Thanks to Arthur for suggesting our Baby Name of the Day.
It’s the very height of summer, the season of cookouts and barefoot walks on the beach.
But the baby name August traces its roots all the way back to the first emperor of mighty Rome, circa 27 BC.
He answered to Octavian. Born the great-nephew of Julius Caesar, his title wasn’t actually emperor. Instead, the Roman Senate proclaimed him Augustus.
It comes from either the Latin augere – to increase, or possibly augur – to see the future.
The meaning is usually given as venerable or grand.
Millennia later, it still projects nobility.
Accomplishment, too. Augustus would reign for four decades, doubling the size of the empire, both by conquest and alliance. By the end of his life, Rome ruled territory from Britain to India. In history books, we refer to him as Emperor Augustus, implying it served as a first name.
SAINTS and KINGS
Augustus might’ve been the first, but others followed.
The fourth century theologian, Augustine of Hippo, penned Confessions, The City of God, and more works still influential today. He’s not the only saint by the name.
Three kings of Poland make it even more regal. Queen Victoria’s beloved husband was known as Prince Albert, but his birth name was Franz Albert August Karl Emanuel. The baby name August dots many a royal German and Scandinavian family tree.
Speaking of Germany, automobile engineer and entrepreneur August Horch founded Audi in 1910.
Bestselling author Augusten Burroughs, acclaimed playwright and Pulitzer Prize winner August Wilson make it literary. Prolific Swedish writer August Strindberg lends it an even more creative, world-changing spirit.
France adds two Augustes to the list: sculptor Rodin and painter Renoir.
BY THE NUMBERS
The baby name August has appeared in the US Top 1000 every year from 1880 onward.
During the nineteenth century, it regularly appeared in the Top 100. But it slowly faded, hovering near the very edge of the rankings by the 1970s. As of 1983, it reached an all-time low of #930. That represents 90 births – about a quarter of the number of Augusts born fifty years earlier.
The baby name August remained rare into the 1990s, when a slow and steady recovery began.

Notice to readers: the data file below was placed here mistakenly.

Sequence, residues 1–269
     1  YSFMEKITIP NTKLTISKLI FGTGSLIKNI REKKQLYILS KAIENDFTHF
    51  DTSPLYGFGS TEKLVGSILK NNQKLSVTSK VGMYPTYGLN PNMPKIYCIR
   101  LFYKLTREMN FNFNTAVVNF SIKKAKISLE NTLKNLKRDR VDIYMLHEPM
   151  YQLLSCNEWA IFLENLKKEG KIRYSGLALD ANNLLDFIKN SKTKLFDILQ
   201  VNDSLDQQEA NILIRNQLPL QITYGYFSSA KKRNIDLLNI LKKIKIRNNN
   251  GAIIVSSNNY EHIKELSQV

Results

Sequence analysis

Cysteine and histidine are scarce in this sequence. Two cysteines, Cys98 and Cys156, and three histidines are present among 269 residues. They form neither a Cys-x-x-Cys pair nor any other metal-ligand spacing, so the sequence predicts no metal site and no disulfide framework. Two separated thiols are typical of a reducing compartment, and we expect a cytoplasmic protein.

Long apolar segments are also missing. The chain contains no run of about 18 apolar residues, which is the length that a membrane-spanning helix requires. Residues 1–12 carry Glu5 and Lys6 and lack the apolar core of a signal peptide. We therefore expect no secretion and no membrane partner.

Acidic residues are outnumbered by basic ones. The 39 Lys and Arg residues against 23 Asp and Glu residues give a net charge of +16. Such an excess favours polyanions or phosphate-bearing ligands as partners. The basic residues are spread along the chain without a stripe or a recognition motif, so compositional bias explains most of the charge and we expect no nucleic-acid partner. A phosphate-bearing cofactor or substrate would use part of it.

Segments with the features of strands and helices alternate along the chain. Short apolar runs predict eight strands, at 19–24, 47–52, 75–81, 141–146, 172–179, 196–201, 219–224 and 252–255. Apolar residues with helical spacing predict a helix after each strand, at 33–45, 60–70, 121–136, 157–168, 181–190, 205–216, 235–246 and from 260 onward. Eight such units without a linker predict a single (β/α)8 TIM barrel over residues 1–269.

In small ways, the baby name August began to catch parents’ attention.
August Wilson won a Pulitzer Prize for The Piano Lesson in 1990. Anthony Hopkins starred in a movie titled August in 1996.
But most of the name’s uses lean younger, even storybook.
Actor August Schellenberg played Jesse’s mentor in 1993 family feel-good hit Free Willy.
In the 2000s we meet:
- A musical genius love-child of a star-crossed couple. The child’s name – and the 2007 movie’s title – is August Rush.
- In 2012, the hero of Wonder, though RJ Palacio’s character usually answers to Auggie.
- Girl Meets World, the next generation sequel to Boy Meets World, featured Cory and Topanga’s kids. Riley was the girl at the center of things, and little brother August, called Auggie.
A long list of celebrities welcomed sons named August during the same era, including Dave Matthews and Mariska Hargitay.
The name inched up the charts, slowly but surely. In 2000, the baby name August stood at #613. By 2010, it reached #427. In 2015, the name reached #195.
TOP 100 RETURN?
As of 2019, the baby name August stood at #167.
It could be headed back to the US Top 100. It’s a summery, seasonal world name, as borrowed from the natural world as River or Kai. But it’s also a name with a long and international history, accomplished and distinguished. Nicknames Auggie and Gus are darling, but in full, August is sophisticated and strong.
The most recent boost for the baby name August comes courtesy of the British royal family. Princess Eugenie and husband Jack Brooksbank welcomed son August Philip Hawke in early 2021. All three names were inspired by family members, including August – from Prince Albert’s middle name.
It’s easy to imagine the baby name August continuing to gain in use, a name with history to spare that’s right at home in the twenty-first century.
What do you think of the baby name August?
First published on August 14, 2008, this post was revised substantially and re-published on August 4, 2014, again on July 18, 2019, and most recently on February 24, 2021.